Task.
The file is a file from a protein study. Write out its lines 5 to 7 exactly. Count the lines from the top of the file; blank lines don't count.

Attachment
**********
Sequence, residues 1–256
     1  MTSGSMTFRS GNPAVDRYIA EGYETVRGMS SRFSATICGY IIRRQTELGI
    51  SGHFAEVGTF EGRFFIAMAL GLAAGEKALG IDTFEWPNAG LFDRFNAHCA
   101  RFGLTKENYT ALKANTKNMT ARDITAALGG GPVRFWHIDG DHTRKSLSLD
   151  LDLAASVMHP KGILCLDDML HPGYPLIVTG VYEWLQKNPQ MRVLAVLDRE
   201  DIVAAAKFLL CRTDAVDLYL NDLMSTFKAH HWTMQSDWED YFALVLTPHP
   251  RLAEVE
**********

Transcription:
   151  LDLAASVMHP KGILCLDDML HPGYPLIVTG VYEWLQKNPQ MRVLAVLDRE
   201  DIVAAAKFLL CRTDAVDLYL NDLMSTFKAH HWTMQSDWED YFALVLTPHP
   251  RLAEVE